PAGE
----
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Garland meets Ukraine’s prosecutor general amid new signs of atrocities

U.S. Attorney General Merrick Garland, right, and Ukrainian Prosecutor General Andriy Kostin shake hands during a ceremony at the Department of Justice on Tuesday in Washington. (Manuel Balce Ceneta/AP)

Attorney General Merrick Garland and his Ukrainian counterpart, Andriy Kostin, signed an agreement Tuesday aimed at formalizing cooperation over joint efforts to prosecute alleged war crimes committed by Russian forces in the war in Ukraine.

The two men signed the memorandum of understanding after meeting at Justice Department headquarters in Washington, a show of partnership to step up international pressure amid evidence of new mass atrocities discovered after Ukrainian forces took back wide swaths of territory in recent weeks.

Ukrainian authorities have said they are investigating a mass burial site with more than 400 bodies found in Izyum, where Russian forces terrorized residents during a six-month occupation. Ukrainian President Volodymyr Zelensky in the spring said a previous massacre of civilians in Bucha amounted to “genocide.”

Garland said the agreement would build on the work of a war crimes accountability team he announced in June after visiting Ukraine and meeting with local authorities. That team, led by Eli Rosenbaum, a 36-year veteran of the Justice Department, is charged with providing technical and legal assistance to Ukrainian officials, including help on evidence collection and forensic analysis.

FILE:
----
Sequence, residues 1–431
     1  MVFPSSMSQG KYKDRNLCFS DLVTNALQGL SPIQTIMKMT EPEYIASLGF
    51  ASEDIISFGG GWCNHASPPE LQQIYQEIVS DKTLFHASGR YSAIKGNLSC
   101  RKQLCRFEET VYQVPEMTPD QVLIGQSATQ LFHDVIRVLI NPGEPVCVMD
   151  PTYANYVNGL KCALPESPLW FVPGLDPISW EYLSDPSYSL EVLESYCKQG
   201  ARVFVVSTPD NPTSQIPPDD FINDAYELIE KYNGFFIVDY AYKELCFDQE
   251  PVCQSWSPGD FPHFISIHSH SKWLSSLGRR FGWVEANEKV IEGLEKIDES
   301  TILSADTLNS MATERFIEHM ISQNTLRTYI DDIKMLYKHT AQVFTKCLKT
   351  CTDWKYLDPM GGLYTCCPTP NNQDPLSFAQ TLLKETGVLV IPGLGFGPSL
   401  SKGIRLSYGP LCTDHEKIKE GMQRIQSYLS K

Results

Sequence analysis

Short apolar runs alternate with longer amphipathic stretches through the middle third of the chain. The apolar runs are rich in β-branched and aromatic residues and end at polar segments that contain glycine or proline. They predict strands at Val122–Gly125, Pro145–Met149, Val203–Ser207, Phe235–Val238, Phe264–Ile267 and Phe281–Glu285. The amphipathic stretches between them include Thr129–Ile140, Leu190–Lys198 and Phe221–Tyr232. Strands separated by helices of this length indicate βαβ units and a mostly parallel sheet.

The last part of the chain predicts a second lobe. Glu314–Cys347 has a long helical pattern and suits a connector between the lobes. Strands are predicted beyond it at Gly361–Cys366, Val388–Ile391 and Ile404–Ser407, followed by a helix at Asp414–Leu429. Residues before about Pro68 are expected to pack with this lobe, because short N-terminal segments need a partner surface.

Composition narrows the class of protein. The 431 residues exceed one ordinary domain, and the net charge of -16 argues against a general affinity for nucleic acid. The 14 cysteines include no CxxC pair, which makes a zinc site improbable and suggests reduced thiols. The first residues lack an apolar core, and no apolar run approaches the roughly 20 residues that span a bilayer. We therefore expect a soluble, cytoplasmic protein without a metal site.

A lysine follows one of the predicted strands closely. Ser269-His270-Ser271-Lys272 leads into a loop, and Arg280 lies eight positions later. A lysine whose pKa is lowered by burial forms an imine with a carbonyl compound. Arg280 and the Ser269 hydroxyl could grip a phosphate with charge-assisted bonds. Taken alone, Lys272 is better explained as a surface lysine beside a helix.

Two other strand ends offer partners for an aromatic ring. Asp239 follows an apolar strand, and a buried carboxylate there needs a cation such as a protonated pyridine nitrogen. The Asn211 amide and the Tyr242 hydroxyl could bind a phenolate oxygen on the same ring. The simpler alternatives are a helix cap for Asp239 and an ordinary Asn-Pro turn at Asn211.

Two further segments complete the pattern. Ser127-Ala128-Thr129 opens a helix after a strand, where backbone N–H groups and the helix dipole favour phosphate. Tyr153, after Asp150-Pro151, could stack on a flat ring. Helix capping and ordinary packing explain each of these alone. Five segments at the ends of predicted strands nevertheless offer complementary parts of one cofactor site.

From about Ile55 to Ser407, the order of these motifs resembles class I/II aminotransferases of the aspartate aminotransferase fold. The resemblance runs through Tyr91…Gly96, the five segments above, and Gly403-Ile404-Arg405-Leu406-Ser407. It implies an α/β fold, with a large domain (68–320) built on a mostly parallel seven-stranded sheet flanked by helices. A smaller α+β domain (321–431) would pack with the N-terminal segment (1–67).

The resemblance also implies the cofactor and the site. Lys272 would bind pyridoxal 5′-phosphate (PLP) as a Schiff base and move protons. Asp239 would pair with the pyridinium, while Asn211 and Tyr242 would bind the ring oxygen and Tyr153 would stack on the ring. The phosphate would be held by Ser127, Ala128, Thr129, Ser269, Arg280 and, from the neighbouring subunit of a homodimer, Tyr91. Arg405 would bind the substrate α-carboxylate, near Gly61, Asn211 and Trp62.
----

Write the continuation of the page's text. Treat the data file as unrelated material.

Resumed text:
“America and the world has seen the horrific images and heart-wrenching reports of brutality and death caused by the unjust Russian invasion of Ukraine,” Garland said at the signing event. “In our meeting just now, I reiterated the Justice Department’s commitment in standing with the people of Ukraine in the face of those horrors.”

Kostin has made the rounds in Washington to amplify the urgency of holding Russia accountable for its brutality. During an appearance on CBS News’ “Meet the Press” on Sunday, he said Ukrainian authorities had documented 34,000 war crimes.

At the Justice Department, Kostin said he had received word, just two hours before meeting with Garland, of newly discovered atrocities in Kharkiv, where another grave with 100 bodies was found.

“This evil should be fought and defeated by common efforts,” he said. “Those that commit international war crimes should be held accountable.”

War in Ukraine: What you need to know

The latest: Russian President Vladimir Putin announced a “partial mobilization” of troops in an address to the nation on Sept. 21, framing the move as an attempt to defend Russian sovereignty against a West that seeks to use Ukraine as a tool to “divide and destroy Russia.” Follow our live updates here.

The fight: A successful Ukrainian counteroffensive has forced a major Russian retreat in the northeastern Kharkiv region in recent days, as troops fled cities and villages they had occupied since the early days of the war and abandoned large amounts of military equipment.

Annexation referendums: Staged referendums, which would be illegal under international law, are set to take place from Sept. 23 to 27 in the breakaway Luhansk and Donetsk regions of eastern Ukraine, according to Russian news agencies. Another staged referendum will be held by the Moscow-appointed administration in Kherson starting Friday.

Photos: Washington Post photographers have been on the ground from the beginning of the war — here’s some of their most powerful work.

How you can help: Here are ways those in the U.S. can help support the Ukrainian people as well as what people around the world have been donating.

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